By Steve Trent
One in every five species on our shared planet now faces extinction.
If we do nothing to halt this disastrous trend, this number could reach one in every two species by the end of the century.
I’m one of the lucky ones. My work has taken me all over the world, and I’ve been able to see some of the planet’s most majestic creatures up close.
Many people will never get this chance.
Imagine a world in which our children and grandchildren’s only experience of a giraffe, a lion or a turtle is a picture in a storybook, or re-runs of the BBC’s Planet Earth; a remnant of the planet they could have inhabited if we’d taken collective action.
World Wildlife Day is a moment to celebrate all of the beautiful and varied plants and animals that make up our natural world. But it is also an important time to take notice of the havoc we are wreaking on that world.
Extinctions are a natural occurrence. They have happened for millions of years, and they will continue to happen into the future.
But what we are currently doing to our planet is not natural.
The rapid loss of species we are seeing today is estimated to be between 1,000 and 10,000 times higher than naturally occurring extinction.
And as we continue to destroy our forests, pillage our oceans, hunt wildlife for profits and sport and fundamentally shift our climate, this is only set to rise further.
Over half of all of the world’s primates are already nearing extinction, threats to ocean life in West Africa are set to bring a food crisis to the region, and climate change has forced half of all mammal species to the brink.
While our world would certainly be a duller place without varied wildlife, by destroying nature, and threatening its vital species with extinction we are actually putting our very way of life at risk.
We, human beings, are dependent on our natural world. We rely on it for our food, our water, our health, our jobs and our happiness, and as we continue to destroy it, it will be those most reliant on nature and wildlife - the most disempowered and marginalised - that will be hardest hit.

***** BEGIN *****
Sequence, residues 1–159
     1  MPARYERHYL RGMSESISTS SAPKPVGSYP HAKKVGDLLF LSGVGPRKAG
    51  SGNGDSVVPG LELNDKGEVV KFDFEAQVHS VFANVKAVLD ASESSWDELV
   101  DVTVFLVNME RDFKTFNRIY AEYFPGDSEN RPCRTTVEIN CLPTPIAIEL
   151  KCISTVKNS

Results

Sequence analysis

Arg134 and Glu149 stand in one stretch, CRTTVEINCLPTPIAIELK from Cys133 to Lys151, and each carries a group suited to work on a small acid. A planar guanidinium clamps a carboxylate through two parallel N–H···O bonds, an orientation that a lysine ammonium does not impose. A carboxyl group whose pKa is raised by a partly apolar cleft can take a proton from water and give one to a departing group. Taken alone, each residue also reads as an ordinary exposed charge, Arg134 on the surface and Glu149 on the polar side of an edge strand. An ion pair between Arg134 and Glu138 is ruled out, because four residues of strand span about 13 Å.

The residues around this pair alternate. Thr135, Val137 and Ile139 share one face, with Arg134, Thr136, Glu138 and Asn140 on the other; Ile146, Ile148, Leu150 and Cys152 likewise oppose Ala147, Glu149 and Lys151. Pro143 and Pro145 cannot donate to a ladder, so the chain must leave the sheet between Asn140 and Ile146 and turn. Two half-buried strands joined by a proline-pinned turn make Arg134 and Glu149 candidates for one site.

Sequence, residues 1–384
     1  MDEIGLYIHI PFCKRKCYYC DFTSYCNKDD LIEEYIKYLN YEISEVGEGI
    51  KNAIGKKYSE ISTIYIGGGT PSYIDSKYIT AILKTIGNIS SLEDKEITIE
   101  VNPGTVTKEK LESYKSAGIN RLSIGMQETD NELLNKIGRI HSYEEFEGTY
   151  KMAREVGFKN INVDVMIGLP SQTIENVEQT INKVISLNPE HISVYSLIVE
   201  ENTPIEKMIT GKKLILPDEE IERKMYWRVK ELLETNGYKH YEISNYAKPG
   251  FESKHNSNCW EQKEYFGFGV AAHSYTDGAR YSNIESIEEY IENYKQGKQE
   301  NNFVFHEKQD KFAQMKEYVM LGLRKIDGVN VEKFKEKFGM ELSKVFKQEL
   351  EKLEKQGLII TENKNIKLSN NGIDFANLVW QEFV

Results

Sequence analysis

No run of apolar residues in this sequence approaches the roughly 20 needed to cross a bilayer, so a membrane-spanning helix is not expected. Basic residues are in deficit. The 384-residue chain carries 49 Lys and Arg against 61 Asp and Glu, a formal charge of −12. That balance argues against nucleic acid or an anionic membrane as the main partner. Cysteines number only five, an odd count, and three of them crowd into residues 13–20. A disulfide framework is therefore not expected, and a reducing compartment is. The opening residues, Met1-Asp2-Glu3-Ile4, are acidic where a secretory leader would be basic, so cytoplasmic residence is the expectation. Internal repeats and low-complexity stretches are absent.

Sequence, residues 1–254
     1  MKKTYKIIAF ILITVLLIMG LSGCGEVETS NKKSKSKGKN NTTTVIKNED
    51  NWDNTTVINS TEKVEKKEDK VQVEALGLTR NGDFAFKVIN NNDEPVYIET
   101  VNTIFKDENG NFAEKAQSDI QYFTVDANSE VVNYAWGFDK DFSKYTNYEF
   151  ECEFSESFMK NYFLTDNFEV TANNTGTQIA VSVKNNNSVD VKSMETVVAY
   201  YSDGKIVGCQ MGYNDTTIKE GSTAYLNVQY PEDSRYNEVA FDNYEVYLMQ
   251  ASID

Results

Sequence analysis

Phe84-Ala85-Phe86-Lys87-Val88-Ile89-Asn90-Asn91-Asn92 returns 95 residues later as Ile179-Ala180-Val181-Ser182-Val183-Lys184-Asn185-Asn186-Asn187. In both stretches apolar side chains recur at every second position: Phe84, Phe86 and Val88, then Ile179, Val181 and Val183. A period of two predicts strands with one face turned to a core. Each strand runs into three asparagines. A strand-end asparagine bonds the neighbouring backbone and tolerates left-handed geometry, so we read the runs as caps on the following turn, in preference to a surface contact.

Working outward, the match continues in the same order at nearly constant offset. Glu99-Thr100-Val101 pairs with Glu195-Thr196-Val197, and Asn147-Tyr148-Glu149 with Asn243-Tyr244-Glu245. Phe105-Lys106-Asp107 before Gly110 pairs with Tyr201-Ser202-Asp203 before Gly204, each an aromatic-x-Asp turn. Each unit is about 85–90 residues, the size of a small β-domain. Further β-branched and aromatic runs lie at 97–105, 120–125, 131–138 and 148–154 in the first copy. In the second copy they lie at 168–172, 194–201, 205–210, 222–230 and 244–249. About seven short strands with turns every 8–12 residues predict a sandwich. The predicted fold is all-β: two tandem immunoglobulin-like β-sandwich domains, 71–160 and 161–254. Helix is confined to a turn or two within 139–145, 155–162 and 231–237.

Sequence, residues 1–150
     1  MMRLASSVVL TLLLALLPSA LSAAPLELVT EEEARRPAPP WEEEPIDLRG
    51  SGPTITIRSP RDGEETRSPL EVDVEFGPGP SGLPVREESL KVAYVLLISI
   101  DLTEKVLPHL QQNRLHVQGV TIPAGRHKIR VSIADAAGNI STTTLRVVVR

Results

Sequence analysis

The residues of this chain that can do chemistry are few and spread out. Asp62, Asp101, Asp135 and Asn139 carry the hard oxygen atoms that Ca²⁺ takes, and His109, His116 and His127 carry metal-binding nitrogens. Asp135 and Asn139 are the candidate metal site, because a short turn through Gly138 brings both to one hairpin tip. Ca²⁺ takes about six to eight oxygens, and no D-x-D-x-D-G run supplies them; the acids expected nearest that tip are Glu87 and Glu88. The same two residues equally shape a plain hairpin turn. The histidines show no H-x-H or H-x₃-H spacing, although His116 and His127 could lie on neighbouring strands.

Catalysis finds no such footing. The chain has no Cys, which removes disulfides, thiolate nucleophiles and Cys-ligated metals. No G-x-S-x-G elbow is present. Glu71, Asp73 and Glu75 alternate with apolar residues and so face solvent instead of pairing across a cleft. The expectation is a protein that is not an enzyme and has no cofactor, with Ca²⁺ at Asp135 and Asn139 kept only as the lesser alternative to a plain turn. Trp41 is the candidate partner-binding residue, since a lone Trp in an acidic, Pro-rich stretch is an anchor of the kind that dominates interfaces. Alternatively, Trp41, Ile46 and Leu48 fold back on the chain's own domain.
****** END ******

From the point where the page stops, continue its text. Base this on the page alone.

Whether it is the destruction of our rainforests or our oceans, for millions of people this loss of environmental security means hunger, poverty and vulnerability.
It doesn’t have to be this way.
By taking action now to protect our wildlife and the oceans, forests and other natural habitats they call home, we can halt this pattern towards extinction.
Take, for example, the Giant Panda - perhaps the most iconic endangered species. After years of intensive conservation efforts, It came off the International Union for Conservation of Nature’s (IUCN) endangered list in 2016, and it was not the only species to have clawed its way back from the brink of extinction.
By implementing conservation measures and creating, sustaining and enforcing protected areas in our oceans and forests we can protect our wildlife, and the people who rely on them for their food and livelihoods.
This World Wildlife Day, EJF urges you to remember the huge benefits that protecting our natural environment will have, both for us and for future generations.
Ultimately, protecting biodiversity, the incredible array of wildlife species that underpin our world, is about protecting people and planet.